You are here
The Top Gear car review:McLaren P1
For:Sheer velocity, technical achievement, daily driveability, the list goes on…
Against:It'll bite your face off if you treat it with disrespect. And the repair bill will be astronomic. Sold out.
Typical. I get to drive a McLaren P1 and the rain is biblical. It’s also just been Belgium’s first heavy frost of the year, and so the pounding...
What we say:
Terrifying, brilliant, devastatingly quick. There's nothing like the P1. McLaren ups the hypercar stakes
What is it?
McLaren’s £866,000, 903bhp hybrid hypercar that promises to be the most involving car to drive on road and track. That’s a big claim. The heart is the familiar 3.8-litre V8 biturbo that sees duty in the 12C and 650S, but with bigger turbos to produce 727bhp and 531lb ft. The ‘leccy bit pushes out 176bhp and 192lb ft (twice the KERS system on a 2013 F1 car), and handily fills in the torque hole left by turbo lag. It all drives exclusively to the rear wheels via McLaren’s seven-speed twin-clutch, giving 0-62mph in 2.8secs and a quarter mile in 9.8secs @ 152mph. That’s ruddy quick. And it’ll run in pure electric mode when you want to go quietly, and plug in to the mains, too. Neat.
It feels a bit like a beautifully made Lotus, light and agile and clear. The tech all works: press the EV-mode button and the motor dies and you can drive around on just electric (we managed seven miles on the motorway at 80mph in Europe and more in town). And when you let everything off the leash? It’ll shatter your idea of what fast really means. Warp time.
In fact, driving the P1 on the road is an exercise in restraint. If we’re honest you can’t really push the thing and remain legal, because it produces superbike-bashing acceleration and cornering G. The rest of the world just isn’t geared up to cope. Get to a racetrack, engage ‘Race mode’ – a process that takes 30 seconds, as the wing rises and the suspension drops 50mm. You can feel the active aero and all the time, the P1 is feeding information at you, hands, bottom, ears, eyes. It’s flat, no body roll, but – weird word to use – sensual. It’s a thing of beauty, and fear. Utterly brilliant.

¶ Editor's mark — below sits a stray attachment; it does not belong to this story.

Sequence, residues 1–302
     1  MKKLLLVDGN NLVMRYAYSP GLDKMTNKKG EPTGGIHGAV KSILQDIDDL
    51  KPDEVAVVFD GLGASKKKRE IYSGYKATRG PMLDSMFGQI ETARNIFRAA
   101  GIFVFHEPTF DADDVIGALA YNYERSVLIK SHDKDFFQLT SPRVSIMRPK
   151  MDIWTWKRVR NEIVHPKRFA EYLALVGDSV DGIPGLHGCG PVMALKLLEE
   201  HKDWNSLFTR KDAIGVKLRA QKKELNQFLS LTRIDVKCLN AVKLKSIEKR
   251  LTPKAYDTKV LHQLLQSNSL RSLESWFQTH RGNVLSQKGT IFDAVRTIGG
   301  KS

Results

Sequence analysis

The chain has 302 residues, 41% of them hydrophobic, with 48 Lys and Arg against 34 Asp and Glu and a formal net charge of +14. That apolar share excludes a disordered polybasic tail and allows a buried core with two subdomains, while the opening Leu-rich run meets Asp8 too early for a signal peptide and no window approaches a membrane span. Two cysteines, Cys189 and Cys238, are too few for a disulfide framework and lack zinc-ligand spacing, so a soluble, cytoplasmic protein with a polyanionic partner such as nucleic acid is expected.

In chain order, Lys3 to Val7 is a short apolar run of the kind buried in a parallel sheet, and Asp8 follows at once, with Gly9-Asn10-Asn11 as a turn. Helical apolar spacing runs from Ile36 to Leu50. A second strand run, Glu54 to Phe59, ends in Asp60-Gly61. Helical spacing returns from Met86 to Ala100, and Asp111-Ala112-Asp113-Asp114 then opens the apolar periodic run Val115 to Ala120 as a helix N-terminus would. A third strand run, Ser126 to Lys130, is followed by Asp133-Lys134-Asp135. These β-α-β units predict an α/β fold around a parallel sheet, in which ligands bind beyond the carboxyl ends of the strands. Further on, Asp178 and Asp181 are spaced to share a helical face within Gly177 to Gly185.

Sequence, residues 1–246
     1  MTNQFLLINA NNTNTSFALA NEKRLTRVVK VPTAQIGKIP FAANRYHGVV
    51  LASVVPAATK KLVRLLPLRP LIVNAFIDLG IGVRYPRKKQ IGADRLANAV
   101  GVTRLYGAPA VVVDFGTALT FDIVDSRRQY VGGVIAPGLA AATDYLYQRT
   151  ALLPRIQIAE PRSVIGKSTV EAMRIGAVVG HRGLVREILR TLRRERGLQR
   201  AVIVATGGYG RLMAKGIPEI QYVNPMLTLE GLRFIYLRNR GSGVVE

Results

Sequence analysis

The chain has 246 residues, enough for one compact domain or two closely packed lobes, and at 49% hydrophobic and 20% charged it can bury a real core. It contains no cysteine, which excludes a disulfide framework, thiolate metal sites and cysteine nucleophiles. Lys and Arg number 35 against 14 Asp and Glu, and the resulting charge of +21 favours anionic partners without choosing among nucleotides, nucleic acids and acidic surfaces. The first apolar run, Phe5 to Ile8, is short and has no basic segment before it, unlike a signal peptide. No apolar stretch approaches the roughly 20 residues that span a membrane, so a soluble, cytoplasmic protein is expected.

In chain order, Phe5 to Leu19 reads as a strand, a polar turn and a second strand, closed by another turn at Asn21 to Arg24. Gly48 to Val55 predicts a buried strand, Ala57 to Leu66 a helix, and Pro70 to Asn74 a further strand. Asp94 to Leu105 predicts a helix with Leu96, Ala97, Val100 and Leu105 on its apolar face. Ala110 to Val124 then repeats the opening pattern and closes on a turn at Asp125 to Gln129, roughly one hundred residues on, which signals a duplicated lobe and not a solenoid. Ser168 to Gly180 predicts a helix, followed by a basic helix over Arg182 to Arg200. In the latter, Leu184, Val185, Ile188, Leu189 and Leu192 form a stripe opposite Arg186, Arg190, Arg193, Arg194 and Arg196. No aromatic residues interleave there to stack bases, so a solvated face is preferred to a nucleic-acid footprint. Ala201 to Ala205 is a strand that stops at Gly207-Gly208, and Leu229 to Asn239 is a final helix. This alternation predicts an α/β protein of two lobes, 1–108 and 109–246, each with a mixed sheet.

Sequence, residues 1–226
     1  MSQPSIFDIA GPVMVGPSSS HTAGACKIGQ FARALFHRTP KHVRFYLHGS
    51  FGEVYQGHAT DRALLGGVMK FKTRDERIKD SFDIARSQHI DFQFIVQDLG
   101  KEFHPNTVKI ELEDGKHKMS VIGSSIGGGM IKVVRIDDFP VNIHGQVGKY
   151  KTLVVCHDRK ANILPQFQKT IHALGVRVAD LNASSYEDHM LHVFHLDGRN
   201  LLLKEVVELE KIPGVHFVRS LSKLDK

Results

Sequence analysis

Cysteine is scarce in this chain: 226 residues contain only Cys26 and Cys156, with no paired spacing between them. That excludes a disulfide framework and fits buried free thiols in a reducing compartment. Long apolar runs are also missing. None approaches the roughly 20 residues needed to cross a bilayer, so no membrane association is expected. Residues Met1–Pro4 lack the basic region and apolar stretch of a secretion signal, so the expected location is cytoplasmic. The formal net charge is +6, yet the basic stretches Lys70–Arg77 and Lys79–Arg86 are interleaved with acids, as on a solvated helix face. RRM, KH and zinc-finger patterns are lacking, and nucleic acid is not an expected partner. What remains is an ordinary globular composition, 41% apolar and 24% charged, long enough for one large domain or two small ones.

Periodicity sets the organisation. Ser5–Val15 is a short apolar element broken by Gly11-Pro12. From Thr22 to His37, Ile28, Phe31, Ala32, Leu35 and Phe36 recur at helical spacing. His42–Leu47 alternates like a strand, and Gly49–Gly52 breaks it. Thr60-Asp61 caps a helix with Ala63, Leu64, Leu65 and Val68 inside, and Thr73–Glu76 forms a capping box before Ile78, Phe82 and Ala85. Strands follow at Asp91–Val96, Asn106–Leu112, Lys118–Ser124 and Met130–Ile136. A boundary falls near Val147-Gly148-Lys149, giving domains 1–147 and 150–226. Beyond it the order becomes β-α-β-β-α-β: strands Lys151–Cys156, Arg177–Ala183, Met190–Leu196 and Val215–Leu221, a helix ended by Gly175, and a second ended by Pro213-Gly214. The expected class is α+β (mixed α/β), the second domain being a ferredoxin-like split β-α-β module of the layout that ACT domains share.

On the inside
You can see out of it to reverse thanks to useable rear-view mirrors, and the view ahead is wide-screen. It feels surprisingly small. And unthreatening. And easy. The all-carbon ‘MonoCage’ is bare, and it’s a bit noisy and granular without the optional lightweight carpeting, but it’s ergonomic and comfy. The stereo works, there’s sat-nav, and you can bowl about on pure electric. And when that piston engine, electric motor and induction all chime in under heavy throttle, you get a noise that sounds like the Starship Enterprise being sucked thorough a jet engine. It’s incredible.
You’ll be lucky. Likely to appreciate because of the limited volumes – only 375 have been built and they’re all sold – the P1 is likely to remain a pipedream for all but the lucky few. Saying that, it officially manages 34mpg and you can drive it all day and not break your back. It’ll even do the zero-emissions electric-only running bit in city centres. So yes, we’ll have two.